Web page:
The COVID-19 pandemic is devastating communities’ health and leaving millions of people to struggle in the face of record unemployment and shortages of essential products. As scientists and health professionals tackle fighting the virus, Public Citizen is fighting to protect consumers from other threats as well. That means ensuring businesses do not take advantage of consumers by unreasonably raising prices during this difficult time—also known as price gouging.
Public Citizen is fighting against price gouging by advocating for uniform federal protections such as encouraging Congress to ban the practice and we are pushing for strong state safeguards as well. We are also empowering consumers to fight against price gouging by giving them the tools to know when a product’s price is too high and where to file a report when they’ve been a victim of price gouging. For more information on how you can get involved in this fight, please see the Take Action section of this document.
What is Price Gouging?
As members of Congress and other government officials work to stop price gouging, a key problem is that it is not well defined. There is a wide variance between definitions where state laws and regulations prohibiting price gouging exist. However, looking across protections that do exist, generally, price gouging laws include three factors:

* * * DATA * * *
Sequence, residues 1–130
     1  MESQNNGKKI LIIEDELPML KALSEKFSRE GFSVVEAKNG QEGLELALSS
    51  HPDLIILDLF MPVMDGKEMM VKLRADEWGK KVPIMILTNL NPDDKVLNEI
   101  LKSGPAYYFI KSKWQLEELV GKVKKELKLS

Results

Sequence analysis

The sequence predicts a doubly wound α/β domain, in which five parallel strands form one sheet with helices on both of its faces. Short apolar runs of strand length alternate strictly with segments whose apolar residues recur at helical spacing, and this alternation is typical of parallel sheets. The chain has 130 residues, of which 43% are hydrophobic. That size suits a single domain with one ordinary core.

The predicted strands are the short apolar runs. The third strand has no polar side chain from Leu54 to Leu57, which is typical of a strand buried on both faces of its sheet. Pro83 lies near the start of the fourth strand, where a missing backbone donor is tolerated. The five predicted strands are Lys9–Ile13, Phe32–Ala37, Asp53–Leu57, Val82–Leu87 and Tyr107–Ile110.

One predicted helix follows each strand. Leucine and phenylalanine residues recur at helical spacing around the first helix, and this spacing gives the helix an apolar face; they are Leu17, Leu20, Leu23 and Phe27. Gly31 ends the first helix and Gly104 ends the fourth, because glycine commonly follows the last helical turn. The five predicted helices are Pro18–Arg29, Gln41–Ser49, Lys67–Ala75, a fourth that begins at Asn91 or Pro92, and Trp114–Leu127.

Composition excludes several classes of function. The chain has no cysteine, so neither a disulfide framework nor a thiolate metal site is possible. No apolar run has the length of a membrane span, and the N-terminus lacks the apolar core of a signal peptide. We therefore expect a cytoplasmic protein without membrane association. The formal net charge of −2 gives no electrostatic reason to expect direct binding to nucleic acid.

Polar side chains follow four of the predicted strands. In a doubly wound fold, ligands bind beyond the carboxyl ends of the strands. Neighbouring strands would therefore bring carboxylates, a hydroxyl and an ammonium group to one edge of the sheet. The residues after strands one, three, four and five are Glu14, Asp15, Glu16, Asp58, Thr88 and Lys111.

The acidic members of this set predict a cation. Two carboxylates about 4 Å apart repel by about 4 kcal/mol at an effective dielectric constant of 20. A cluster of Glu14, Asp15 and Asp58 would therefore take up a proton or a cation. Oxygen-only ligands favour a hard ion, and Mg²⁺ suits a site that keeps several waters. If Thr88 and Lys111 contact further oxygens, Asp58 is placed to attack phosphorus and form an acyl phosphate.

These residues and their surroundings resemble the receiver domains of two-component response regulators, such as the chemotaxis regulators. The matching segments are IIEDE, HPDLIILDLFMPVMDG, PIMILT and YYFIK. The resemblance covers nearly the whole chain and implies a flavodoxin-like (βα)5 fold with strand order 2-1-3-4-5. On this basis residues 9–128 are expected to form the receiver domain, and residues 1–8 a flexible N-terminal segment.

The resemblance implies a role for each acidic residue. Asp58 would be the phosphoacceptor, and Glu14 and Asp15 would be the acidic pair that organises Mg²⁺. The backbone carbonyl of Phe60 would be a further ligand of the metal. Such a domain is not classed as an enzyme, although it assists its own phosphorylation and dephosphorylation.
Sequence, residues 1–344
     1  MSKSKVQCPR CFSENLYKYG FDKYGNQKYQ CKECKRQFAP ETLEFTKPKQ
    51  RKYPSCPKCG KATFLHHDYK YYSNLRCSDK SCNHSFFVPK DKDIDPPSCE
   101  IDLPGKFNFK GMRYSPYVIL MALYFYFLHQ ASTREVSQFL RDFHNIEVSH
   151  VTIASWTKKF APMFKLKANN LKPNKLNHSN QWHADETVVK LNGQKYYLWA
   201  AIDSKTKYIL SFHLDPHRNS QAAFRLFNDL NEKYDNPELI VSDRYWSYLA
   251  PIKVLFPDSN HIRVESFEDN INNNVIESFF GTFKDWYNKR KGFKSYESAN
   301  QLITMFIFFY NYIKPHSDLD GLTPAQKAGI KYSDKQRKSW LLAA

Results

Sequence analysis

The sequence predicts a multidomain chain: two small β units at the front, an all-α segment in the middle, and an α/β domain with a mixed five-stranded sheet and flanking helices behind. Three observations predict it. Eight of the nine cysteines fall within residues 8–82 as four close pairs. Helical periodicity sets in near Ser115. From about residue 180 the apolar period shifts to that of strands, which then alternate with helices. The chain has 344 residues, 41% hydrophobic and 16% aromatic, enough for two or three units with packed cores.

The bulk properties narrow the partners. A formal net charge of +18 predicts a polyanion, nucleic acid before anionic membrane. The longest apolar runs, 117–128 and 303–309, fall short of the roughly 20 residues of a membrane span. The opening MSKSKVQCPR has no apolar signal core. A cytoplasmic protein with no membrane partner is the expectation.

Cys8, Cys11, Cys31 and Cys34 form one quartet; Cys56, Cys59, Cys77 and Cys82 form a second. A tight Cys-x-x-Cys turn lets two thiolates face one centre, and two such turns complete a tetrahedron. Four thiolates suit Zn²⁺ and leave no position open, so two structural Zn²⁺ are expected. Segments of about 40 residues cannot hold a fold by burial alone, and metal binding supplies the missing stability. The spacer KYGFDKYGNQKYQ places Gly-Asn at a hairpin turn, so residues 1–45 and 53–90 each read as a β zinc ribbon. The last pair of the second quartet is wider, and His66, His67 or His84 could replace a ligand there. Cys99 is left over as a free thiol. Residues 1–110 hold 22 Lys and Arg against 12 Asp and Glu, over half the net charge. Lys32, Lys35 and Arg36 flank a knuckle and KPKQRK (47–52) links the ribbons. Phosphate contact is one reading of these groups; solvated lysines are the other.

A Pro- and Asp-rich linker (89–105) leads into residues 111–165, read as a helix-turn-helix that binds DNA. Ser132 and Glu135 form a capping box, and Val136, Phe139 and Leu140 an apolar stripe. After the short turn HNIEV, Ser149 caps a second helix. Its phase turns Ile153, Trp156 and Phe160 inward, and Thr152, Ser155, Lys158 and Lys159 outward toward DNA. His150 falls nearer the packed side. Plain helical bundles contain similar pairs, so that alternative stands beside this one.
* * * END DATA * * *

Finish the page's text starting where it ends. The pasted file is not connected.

- There must be a declared emergency (hurricanes, earthquakes, flooding, or pandemics);
- Prices must be increased on specific products that are deemed necessary; and
- The price increase must be substantial.
Looking generally at the protections currently in place, it is not a violation of price gouging laws when increased supply or delivery costs incurred by the seller are passed along to consumers.
The Need for a Federal Price Gouging Law
There is currently no federal price gouging law. We at Public Citizen are fighting for a uniform, federal protection against price gouging that would serve as a floor, while allowing states to have greater protections.
Specifically, we support legislation that would:
- Create a clear and understandable definition of price gouging:
- Such as a 10% increase in prices; and
- A very broad list of products, goods, and services that would be covered;
- Establish significant civil penalties enforceable by the Federal Trade Commission (FTC) and State Attorneys General (AGs); and
- Be applicable during any disaster or health emergency now and in the future.
Several price gouging bills have been introduced in the House and Senate in response to the COVID-19 pandemic. They generally seek to prohibit price gouging during emergencies through civil enforcement by the FTC and state AGs and all appear to be good faith efforts to combat this problem. However, the approaches taken in the proposed bills vary in important ways. For example, several proposals define price gouging as an “unconscionable increase” which is vague and difficult to determine. Only one bill we reviewed meets our criteria above, as such, we encourage passage of H.R.6450 / S.3853 – the “Price Gouging Prevention Act” introduced by Rep. Joe Neguse (D-Colo.) and Senator Elizabeth Warren (D-Mass.).
Price Gouging Under the Trump Administration